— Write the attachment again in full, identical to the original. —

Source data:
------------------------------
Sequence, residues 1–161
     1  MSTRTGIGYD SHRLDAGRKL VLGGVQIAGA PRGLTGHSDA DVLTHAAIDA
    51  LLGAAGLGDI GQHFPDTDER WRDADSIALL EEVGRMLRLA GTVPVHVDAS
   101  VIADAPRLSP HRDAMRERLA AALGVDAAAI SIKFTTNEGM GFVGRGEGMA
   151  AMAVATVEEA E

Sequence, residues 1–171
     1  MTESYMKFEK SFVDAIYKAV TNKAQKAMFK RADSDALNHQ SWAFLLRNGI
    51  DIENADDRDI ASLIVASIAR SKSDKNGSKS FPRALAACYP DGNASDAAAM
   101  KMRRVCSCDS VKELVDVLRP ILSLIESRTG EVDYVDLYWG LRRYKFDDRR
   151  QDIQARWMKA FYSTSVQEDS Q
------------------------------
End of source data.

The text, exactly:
Sequence, residues 1–161
     1  MSTRTGIGYD SHRLDAGRKL VLGGVQIAGA PRGLTGHSDA DVLTHAAIDA
    51  LLGAAGLGDI GQHFPDTDER WRDADSIALL EEVGRMLRLA GTVPVHVDAS
   101  VIADAPRLSP HRDAMRERLA AALGVDAAAI SIKFTTNEGM GFVGRGEGMA
   151  AMAVATVEEA E

Sequence, residues 1–171
     1  MTESYMKFEK SFVDAIYKAV TNKAQKAMFK RADSDALNHQ SWAFLLRNGI
    51  DIENADDRDI ASLIVASIAR SKSDKNGSKS FPRALAACYP DGNASDAAAM
   101  KMRRVCSCDS VKELVDVLRP ILSLIESRTG EVDYVDLYWG LRRYKFDDRR
   151  QDIQARWMKA FYSTSVQEDS Q